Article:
Sharp rise in child pornography cases worry experts

Published on Jan 24, 2021 08:47 AM IST
  • Kerala seems to have made considerable progress in tackling the menace, statistics show.
The problem of child pornography on the internet and social media has increased during the pandemic, says an expert. (iStockphoto/Representative Image)
The problem of child pornography on the internet and social media has increased during the pandemic, says an expert. (iStockphoto/Representative Image)
By | Edited by Abhinav Sahay, Thiruvananthapuram

During a regular surveillance of the dark net, Kerala police’s cyber crime team came across a shocking visual of a minor girl, who was traced after three months of electronic surveillance of the IP address with the aide of special software, tools and the service provider, said an official.

The minor girl and the house, where the highly objectionable video was shot, were traced to an upmarket colony, just three km away from the police headquarters in the state capital and the offender turned out to be the girl’s uncle, said the police.

In Malappuram, another youth was found exploiting an eight-year-old girl and filming her inappropriately, after enticing her with toys and dolls. Even in this case, the accused was a relative of the unsuspecting and innocent girl. Other instances of use of malwares to tap the webcam of unsuspecting victims for either taking pictures or stealing information were also found, said police officials.

There seems to be no end to the menace of child pornography. Last January, a US-based NGO, the National Centre for Missing and Exploited Children, handed over a list of 25,000 Tipline reports on suspected child pornography material uploaded on social media in India, triggered a heated discussion in the Parliament.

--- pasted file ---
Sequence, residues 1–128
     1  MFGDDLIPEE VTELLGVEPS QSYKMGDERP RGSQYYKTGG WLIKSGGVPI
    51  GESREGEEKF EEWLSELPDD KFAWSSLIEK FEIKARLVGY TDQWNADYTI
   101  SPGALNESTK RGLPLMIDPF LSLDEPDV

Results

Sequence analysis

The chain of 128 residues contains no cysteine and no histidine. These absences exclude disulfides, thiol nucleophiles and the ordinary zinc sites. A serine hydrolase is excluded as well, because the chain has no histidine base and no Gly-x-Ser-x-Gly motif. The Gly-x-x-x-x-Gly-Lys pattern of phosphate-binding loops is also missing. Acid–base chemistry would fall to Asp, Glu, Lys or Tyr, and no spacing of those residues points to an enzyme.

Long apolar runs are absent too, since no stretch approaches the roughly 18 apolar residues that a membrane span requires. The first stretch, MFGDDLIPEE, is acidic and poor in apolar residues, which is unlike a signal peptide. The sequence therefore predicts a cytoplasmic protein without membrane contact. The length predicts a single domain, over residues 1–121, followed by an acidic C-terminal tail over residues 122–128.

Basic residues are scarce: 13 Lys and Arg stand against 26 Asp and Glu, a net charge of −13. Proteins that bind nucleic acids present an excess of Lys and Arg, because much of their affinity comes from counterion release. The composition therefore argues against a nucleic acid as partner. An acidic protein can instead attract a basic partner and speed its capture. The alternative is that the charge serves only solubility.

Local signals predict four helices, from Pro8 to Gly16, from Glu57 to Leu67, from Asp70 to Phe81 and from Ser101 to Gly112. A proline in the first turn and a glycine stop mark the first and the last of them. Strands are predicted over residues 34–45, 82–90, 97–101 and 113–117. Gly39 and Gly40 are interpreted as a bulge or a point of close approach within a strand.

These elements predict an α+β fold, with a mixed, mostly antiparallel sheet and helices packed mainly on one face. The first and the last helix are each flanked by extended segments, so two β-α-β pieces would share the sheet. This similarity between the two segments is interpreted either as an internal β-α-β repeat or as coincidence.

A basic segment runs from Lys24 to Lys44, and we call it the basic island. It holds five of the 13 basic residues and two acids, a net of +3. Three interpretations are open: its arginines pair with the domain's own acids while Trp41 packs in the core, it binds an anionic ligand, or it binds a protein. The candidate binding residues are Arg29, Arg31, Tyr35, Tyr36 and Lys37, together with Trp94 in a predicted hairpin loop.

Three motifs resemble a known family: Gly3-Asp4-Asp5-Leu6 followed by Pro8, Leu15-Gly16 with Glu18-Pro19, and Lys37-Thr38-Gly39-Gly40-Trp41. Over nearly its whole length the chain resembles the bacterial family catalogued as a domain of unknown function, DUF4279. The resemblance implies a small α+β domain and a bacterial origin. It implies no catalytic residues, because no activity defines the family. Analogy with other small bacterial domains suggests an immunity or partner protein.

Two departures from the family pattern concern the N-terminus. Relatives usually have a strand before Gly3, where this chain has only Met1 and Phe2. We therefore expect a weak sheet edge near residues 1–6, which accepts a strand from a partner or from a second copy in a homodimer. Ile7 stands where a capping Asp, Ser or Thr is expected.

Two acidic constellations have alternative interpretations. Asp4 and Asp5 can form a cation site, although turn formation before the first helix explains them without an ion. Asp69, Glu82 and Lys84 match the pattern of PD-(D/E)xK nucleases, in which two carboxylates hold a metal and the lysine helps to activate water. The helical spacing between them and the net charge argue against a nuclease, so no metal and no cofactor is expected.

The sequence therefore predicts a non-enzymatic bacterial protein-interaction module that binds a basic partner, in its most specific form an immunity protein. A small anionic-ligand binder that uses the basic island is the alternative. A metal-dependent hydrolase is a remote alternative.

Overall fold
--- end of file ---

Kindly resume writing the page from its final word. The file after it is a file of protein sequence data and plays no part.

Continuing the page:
Kerala seems to have made considerable progress in tackling the menace, statistics show. Kerala Police Cyberdome—formed to meet the long term security challenges and to combat emerging cyber threats-- launched a special operation named P Hunt, which resulted in cracking 525 cases and arrest of 428 accused in two years, said the police.

Experts working in the area say active monitoring and action creates a deterrent effect.

“Our cyber monitoring cell patrols the dark net through geo-fencing (a real world geographic area) and we have some of the best software networks to help us with this. It is a strenuous job, once we identify an offender, we procure his IP address with the help of the service provider and his activities are monitored. Once the location is identified we make local inquiries discreetly and collect all digital evidence before booking the person,” says Manoj Abraham, additional director general of police, Cyberdome.

Around 100 well-trained officers are working in his team.

“We have different tools and software to go after individuals and groups catering to child pornography in social media. Since we are deeply invested in the programme, agencies like the Interpol, US-based International Centre for Missing and Exploited Children, India Child Protection Fund, and others help us profusely,” he said, adding the situation worsened during the lockdown. He said some of the arrested were IT professionals and doctors among others. Some of them were repeated offenders and they need treatment, he added.

Watching or sharing child pornography images, videos and literature is a crime in India and can invite up to five-year jail and maximum fine of 10 lakh.

“The scourge is on the rise. Safety of children is everyone’s responsibility. People need to guard against the exploitation of the innocent,” said the decorated officer. In 2019, he received the Champion of Child Protection award.

Also Read: No clear definition, computer-aided offence a cybercrime: MHA report

Interpol secretary general Jurgen Stock recently said that the visible part of the problem was just the tip of the iceberg. He added that the issue aggravated during the pandemic.

“Many cases go unreported as parents fear stigma and taboo. Internet penetration is quite high these days. This offense can’t be prevented by police alone and parents and family members need extra care,” said a child rights activist.

She said in 60% of the cases, offenders are either family acquaintances or relatives and in 50% cases, pornographic materials were filmed or shot without the knowledge of the abused child.

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  • ABOUT THE AUTHOR

    Ramesh Babu is HT’s bureau chief in Kerala, with about three decades of experience in journalism.

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